Another thing you must be prepared for are rude, condescending statements and opinions about Christians. You should be mindful that there are people who have not had the best experiences with Christians or have warped opinions about Christians based on their own beliefs. That’s why it’s so important for us to reflect love to those around you, including people who don’t share the same beliefs that you do. The same respect you want from the person you're speaking with is the same respect you should be willing to give. It's important that you not give them your unsolicited opinion about why they are an atheist. Not only is it rude and offensive, but it's also condescending and one of the worst ways to begin a dialogue with someone. Doing this can sabotage the dialogue from the beginning.
People Who Don’t Share the Same Definition of God
You may be surprised by the fact that people hold different definitions of God, at least who God is or what they believe God represents. That's why it's important to know what definition the person you're talking to has of God. If your atheist friend is referring to God as a fictitious man in the sky and you're referring to God as the creator and sustainer of the universe, your arguments may not land for each other. It's imperative that you know how the person you're arguing with defines God. Know that you may not be arguing about the same definition of God. If you think that you and your atheist friend aren't defining God the same way, you may be wasting your energy. Also remember that intellectualism is important.
Anxiety and Confrontation
When you talk to people who don't share the same beliefs as you, conversations can get pretty tricky. There may be a lot of sensitivity around certain topics. When you get into a heated debate with an atheist, it's easy to feel you're being confronted, which leads to confrontation. It's important that you treat the debate as a conversation. Instead of viewing it as a confrontation, think of it as two people working together to get closer to truth. While there are large differences between Christianity and Atheism, the discussion doesn't have to turn into an explosive argument. You will be surprised how much progress you can make when both parties come into the conversation civil and humble. They will learn and appreciate what you're saying more if they know you are listening carefully and value what they are saying.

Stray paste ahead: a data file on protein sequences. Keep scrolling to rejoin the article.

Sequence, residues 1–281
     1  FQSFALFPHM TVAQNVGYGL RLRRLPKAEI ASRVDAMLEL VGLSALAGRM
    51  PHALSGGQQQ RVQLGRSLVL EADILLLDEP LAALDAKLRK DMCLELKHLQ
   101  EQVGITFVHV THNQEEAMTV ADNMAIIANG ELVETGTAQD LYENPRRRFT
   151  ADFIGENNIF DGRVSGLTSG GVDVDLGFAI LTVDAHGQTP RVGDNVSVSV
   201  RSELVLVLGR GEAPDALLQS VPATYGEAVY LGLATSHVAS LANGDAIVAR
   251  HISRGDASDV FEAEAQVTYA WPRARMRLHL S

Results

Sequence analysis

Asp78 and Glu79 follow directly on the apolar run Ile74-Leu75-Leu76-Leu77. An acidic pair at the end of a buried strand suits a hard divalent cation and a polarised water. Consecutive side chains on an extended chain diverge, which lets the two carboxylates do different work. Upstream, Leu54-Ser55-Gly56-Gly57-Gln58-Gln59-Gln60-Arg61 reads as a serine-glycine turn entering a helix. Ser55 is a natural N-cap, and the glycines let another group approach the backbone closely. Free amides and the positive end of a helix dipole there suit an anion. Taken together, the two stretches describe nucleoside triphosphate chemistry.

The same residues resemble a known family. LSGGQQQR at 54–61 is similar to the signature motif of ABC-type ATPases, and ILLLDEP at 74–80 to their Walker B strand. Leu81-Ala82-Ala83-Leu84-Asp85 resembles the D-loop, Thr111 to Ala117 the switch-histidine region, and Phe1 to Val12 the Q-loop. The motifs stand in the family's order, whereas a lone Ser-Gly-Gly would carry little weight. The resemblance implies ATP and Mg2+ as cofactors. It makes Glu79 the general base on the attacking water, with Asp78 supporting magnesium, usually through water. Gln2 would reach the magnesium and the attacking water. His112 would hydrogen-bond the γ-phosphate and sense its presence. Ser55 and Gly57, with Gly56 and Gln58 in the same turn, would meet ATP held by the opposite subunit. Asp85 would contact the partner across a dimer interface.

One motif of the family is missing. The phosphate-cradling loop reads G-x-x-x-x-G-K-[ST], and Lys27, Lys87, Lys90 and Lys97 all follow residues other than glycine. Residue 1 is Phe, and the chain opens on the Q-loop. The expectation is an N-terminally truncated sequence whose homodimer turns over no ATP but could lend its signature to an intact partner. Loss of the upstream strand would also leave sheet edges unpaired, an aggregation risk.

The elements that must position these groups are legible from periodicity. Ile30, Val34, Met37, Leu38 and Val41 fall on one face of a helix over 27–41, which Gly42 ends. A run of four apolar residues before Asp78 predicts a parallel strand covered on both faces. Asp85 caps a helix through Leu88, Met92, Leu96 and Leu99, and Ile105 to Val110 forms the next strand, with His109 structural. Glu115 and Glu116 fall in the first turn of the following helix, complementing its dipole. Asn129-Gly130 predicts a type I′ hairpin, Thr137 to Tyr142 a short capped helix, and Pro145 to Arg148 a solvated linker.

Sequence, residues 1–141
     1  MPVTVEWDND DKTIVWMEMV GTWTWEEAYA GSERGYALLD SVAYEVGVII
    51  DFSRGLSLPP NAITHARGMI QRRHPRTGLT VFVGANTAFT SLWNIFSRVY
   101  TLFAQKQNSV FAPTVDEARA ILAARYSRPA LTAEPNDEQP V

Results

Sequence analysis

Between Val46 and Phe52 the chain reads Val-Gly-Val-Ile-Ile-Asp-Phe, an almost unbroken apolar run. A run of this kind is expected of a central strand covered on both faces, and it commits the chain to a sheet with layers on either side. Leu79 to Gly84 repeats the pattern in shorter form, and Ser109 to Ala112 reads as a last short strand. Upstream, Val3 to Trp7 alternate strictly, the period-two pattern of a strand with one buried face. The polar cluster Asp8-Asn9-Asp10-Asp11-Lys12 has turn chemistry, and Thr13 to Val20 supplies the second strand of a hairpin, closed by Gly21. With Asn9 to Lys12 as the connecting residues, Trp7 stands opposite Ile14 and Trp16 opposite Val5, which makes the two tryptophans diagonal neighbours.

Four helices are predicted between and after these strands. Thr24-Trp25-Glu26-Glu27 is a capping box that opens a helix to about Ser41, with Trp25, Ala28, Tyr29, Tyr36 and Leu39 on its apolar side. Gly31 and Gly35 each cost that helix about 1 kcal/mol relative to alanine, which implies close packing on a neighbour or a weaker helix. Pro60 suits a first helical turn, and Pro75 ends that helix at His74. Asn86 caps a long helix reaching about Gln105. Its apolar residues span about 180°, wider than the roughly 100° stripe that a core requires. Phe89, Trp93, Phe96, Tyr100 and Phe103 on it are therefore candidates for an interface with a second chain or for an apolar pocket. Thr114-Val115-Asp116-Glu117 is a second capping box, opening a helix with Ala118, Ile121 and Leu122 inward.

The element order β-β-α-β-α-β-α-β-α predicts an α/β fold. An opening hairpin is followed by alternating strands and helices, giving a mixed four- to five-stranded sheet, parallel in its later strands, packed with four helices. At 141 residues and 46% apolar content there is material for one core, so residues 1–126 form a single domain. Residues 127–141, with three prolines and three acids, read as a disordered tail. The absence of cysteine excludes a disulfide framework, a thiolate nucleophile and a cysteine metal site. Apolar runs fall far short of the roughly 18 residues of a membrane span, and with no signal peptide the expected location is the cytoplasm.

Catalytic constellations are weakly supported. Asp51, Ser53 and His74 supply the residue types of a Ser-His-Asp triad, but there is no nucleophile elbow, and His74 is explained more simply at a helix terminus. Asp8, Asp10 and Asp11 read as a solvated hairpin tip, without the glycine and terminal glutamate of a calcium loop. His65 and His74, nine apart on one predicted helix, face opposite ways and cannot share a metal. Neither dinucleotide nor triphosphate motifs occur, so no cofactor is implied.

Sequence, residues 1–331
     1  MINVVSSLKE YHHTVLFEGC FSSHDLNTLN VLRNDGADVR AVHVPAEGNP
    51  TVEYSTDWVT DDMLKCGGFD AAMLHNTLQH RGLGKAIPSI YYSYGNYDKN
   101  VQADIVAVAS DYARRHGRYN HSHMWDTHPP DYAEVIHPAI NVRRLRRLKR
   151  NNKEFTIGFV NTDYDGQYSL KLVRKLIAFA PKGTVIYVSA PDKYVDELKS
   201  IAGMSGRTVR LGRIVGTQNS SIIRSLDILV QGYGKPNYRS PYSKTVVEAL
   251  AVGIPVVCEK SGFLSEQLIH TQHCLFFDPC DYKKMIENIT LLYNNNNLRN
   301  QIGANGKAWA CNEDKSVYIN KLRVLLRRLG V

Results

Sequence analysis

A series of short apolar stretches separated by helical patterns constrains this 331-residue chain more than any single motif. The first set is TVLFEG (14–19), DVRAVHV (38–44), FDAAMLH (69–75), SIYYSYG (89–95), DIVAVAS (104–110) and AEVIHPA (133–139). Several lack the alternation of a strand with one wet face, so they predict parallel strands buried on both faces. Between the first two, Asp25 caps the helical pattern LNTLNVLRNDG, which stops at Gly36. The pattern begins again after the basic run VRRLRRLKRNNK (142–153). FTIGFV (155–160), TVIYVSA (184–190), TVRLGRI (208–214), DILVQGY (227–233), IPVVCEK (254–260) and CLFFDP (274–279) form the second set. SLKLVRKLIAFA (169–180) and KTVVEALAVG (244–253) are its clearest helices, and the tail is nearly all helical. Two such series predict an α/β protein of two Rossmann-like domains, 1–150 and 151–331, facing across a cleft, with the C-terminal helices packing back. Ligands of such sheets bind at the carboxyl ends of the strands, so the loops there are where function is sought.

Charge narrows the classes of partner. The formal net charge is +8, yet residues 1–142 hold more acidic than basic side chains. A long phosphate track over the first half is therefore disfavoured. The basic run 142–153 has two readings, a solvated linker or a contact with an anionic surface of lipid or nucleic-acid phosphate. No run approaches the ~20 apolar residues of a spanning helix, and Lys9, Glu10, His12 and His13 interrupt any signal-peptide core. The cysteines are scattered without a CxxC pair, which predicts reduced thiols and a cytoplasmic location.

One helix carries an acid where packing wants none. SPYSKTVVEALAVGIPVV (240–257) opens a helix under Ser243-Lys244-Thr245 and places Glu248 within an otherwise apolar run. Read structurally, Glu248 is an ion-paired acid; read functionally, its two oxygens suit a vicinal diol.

Questions about Evolution and Creation
A common question that comes up for atheists to Christians is around evolution and creation so be prepared for these questions to come up in conversation. These talks may even turn into heated debates. However, you shouldn't worry. There are some Christians who believe you can’t subscribe to Christianity and science, but the truth is, you can. Most scientists believe that humanity evolved over time, and many Christians also believe this. Though it is a common belief that evolution and creation are mutually exclusive, they aren't. Even if you're a Christian who doesn't believe in evolution or Science as it relates to creation, don't go down the rabbit hole with this one. Focus on the more important topic at hand: Jesus.
Those who don’t believe in God may make assumptions about you as a Christians and you may make assumptions about them. The last thing you should do is start out being pretentious. As stated before, don't assume or suggest that them being atheist is a result of religion failing them in some way. Not only will this offend, but potentially cause greater confrontation. Begin the conversation from an honest space. It's ok to talk openly from the heart and admit that your belief is based on faith, if this is the case. Share your faith story and the impact having a relationship with Christ has had on your journey. You may even be called to acknowledge points where you've been weak in your faith walk, or how your belief in God was troubled, but how God intervened. While they may not share the same beliefs as you do, they will more likely than not have respect for your honesty and openness.
If you’re on the road to mature discipleship, it’s important that you have a destination, an ultimate goal. Author Stephen Covey describes ultimate goal in his bestselling book “The 7 Habits for Highly Effective People” as beginning with the end in mind. Ask yourself what that goal is. Also, ask yourself what would the “full bloom” of discipleship look mature discipleship look like? If you're even exploring these questions, you're definitely on the right track on your discipleship journey.